COVID Vaccines in 100 Days or Less

Could we have had vaccinations against COVID-19 sooner, or given what we know now, taken more time to discover the rare side-effects we only know of now, before mandating the shots for all?

 In the book The Vaccine: Inside the Race to Conquer the COVID-19 Pandemic by Joe Miller, based on the speed of the development and the methods used, I found out that it might have been possible to get the Pfizer-BioNTech vaccine out to the public in as little as 88 days from its conception. Based on the 100 Days Mission report created at the 2021 G7 conference, given the decisions the BioNTech team made in order to bring their vaccine to market as quickly as possible, and the timeline they were able to follow, we could have had the Pfizer-BioNTech vaccine out to the public as early as April 9, 2020, within the second iteration of “two weeks to slow the curve.”

Historically, it takes two to five years to develop a vaccine, and it can take up to ten years. So when most of the world declared the COVID-19 pandemic so severe and dangerous that we had to shut down most economic and social activities, to think that we could be trapped in lockdowns for up to five years only added to the misery.

This development time involves finding and testing a vaccine that is effective enough against the disease it is fighting to be worth testing, and then testing it in round after round, looking to improve the vaccine’s effectiveness and safety in each round. When enough testing results in a vaccine that is good enough for the public, according to health authorities, like the U.S. Federal Drug Administration (FDA), only then is it finally made available.

But even this long development cycle doesn’t guarantee a vaccine that is safe for everyone. In the book, Richard Hatchett, the CEO of CEPI (Coalition for Epidemic Preparedness Innovations) says “the most common side effects were picked up in the initial safety and immunogenicity studies, while the rare events were detected only through careful pharmacovigilance after the vaccines were released.” The main information the enormous human studies provided, he argues, was whether the vaccines were effective, “and we can determine a vaccine’s effectiveness after it has been released – we do this every year for influenza.” [emphasis mine]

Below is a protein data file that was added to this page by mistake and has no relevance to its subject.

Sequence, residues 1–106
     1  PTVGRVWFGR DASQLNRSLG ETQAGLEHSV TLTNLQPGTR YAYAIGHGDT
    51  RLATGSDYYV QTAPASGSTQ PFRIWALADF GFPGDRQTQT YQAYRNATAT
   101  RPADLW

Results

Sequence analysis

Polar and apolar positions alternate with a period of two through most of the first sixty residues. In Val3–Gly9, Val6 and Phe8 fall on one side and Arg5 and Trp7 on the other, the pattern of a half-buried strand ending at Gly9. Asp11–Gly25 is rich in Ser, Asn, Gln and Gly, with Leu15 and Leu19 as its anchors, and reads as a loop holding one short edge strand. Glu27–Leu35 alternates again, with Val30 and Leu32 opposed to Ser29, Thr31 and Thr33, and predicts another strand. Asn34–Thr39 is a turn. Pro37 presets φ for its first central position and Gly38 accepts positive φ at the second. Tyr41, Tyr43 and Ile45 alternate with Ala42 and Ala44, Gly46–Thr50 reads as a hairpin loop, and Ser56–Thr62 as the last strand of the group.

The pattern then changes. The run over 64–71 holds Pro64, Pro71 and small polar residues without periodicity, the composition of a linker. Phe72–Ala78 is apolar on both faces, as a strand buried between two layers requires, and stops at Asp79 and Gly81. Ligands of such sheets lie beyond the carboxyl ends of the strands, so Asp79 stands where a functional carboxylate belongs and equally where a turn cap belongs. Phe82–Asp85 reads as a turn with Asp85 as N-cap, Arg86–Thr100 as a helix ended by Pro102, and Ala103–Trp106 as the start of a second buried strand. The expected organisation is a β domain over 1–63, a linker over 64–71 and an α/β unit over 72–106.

This would indicate the “vaccine deniers” who were skeptical about the efficacy and safety of the vaccine were, indeed, correct. Now, in late 2022, two years after the vaccine was first released to the public, we know several things we were not informed about – such as that the vaccine needs to be re-administered every six months (and updated for new strains), the efficacy rate of the Pfizer BioNTech vaccine can be as low as 44%, many of those vaccinated still continue to get COVID-19, and the rates of vaccine-related heart inflammations and heart attacks are so high in younger men that the CDC revised its vaccination guidance to say the initial series of shots should be 8 weeks apart in men under 40.

For those of us, like me, who were ready to do anything in order to be free of zealous mandates, cancellations, and restrictions associated with the COVID-19 pandemic, having any way out of the nightmare would have had me in line for such a shot. If it did anything at all, it would have eased the societal and economic pressure, and the riots and chaos that started in May and continued through 2020 would have been far less likely.

For those who would rather risk catching the disease itself, which was in no way as deadly as had been implied for those who are young and/or healthy, knowing that the vaccines were released without factors and risks we are only being informed about now, mandated vaccinations were grotesque. As of November 24, 2022 the CDC conservatively admitted to having 697 verified cases of myocarditis or pericarditis (heart inflammation and heart attacks) associated with the COVID-19 vaccines, with many more cases under review. Certainly those 697 people who would rather have taken the risk of catching COVID-19 instead of taking the vaccine. And other countries, like Denmark, are saying the vaccinations aren’t necessary at all for anyone under 50.

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